Republican Representative Byron Donalds admitted that the “pressure campaign” waged by some in the GOP aiming to install Congressman Jim Jordan as House speaker has “backfired.”
The House GOP has been wrangling over a speaker nominee since Kevin McCarthy, a California Republican, was ousted from the speakership in a historic 216-210 vote on October 3 after Representative Matt Gaetz of Florida spearheaded an effort to remove him.
While House Majority Leader Steve Scalise of Louisiana and Jordan of Ohio decided to run for speaker, Scalise withdrew from consideration on Thursday, leaving Jordan to be chosen as the new nominee, with 152 votes. However, on Tuesday during the first round of voting, Jordan garnered only 200 votes—17 shy of the required 217 to win the gavel—after 20 Republicans and every Democrat rejected him.
In an interview with Fox News on Tuesday, Donalds acknowledged that a pressure campaign mounted by other Republicans may have backfired, while answering a question about whether the push for Jordan discouraged some representatives.
“I believe it was, I talked to a couple of members where they felt that was just not what they needed. I don’t think that’s what we should be doing right now … I think some of the pressure campaigns have backfired, they have not worked,” Donalds said.
Before Jordan’s defeat, Donalds took to X, formerly Twitter, to share his endorsement of Jordan.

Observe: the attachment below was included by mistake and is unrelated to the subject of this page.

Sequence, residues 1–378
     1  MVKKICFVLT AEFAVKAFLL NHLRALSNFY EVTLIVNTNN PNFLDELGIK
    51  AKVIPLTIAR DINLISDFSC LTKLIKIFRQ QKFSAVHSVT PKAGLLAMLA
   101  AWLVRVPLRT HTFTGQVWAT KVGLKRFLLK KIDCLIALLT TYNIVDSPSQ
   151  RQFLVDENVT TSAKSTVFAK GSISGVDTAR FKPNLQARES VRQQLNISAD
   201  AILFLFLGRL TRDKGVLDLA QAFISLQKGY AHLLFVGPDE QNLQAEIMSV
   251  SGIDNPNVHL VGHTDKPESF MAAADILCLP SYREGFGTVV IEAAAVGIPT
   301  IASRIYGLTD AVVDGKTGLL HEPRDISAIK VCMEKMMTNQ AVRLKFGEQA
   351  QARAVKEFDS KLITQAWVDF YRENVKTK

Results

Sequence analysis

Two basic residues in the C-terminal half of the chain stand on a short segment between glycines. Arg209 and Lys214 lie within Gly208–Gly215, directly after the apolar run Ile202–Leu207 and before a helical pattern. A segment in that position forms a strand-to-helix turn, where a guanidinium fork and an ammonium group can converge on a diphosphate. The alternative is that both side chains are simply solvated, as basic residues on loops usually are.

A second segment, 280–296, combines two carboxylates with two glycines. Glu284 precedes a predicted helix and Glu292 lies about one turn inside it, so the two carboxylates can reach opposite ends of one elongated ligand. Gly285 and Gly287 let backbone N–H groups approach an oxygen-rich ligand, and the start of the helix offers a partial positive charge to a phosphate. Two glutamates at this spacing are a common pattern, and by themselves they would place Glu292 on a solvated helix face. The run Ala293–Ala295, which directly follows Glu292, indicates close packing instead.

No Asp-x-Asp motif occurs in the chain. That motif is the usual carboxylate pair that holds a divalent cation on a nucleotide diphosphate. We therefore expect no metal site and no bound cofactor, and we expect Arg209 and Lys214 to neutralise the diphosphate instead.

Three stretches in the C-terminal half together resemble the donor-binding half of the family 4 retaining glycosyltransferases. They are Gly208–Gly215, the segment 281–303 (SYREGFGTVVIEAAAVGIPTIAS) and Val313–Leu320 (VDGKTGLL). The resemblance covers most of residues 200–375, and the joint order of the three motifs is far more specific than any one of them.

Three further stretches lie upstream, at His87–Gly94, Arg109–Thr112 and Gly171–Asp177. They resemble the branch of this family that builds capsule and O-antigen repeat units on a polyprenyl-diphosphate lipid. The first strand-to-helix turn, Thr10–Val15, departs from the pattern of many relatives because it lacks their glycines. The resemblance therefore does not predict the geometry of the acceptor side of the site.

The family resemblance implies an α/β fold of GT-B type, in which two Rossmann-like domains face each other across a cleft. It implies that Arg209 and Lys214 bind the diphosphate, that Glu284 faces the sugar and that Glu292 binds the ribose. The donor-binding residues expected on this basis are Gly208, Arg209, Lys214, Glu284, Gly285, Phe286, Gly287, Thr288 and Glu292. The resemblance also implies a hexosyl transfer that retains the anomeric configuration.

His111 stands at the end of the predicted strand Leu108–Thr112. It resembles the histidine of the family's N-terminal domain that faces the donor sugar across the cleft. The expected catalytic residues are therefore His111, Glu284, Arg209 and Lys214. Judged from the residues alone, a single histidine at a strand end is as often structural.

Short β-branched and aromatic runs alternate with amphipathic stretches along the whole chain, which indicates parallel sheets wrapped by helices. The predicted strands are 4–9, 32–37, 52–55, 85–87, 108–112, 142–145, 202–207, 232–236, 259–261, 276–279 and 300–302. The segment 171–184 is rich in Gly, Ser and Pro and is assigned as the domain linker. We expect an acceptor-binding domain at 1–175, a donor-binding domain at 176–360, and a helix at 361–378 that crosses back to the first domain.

This comes after it was recently reported that some of Jordan’s allies had been trying to intimidate GOP lawmakers who aren’t backing the Ohio congressman’s bid for speaker.
It was also revealed on Monday that Fox News‘ Sean Hannity and his team had been emailing House Republicans who aren’t supporting Jordan to ask their reasons, while outlining the need to urgently fill the position.
Axios reporter Juliegrace Brufke shared the reported email on X, while adding that some moderate Republicans are “growing increasingly irritated” with allies of Jordan trying to “pressure them” into voting for him.
Donalds’ acknowledgement followed statements from Indiana Representative Victoria Spartz and Florida Representative Mario Diaz-Balart condemning Jordan’s strong-arm tactics, despite not having the clear backing of the party.
“I truly believe these intimidation techniques … are not acceptable,” Spartz said, via Roll Call. “I didn’t like what Kevin [McCarthy] did last time. And I hope Jim [Jordan] is going to change his views on that.”
Diaz-Balart told reporters at the Capitol on Monday, “If anybody’s trying to get my vote, the last thing you want to do is try to intimidate or pressure me because then I close out entirely.”
Newsweek on Tuesday reached out to Donalds and Jordan via email for further comment.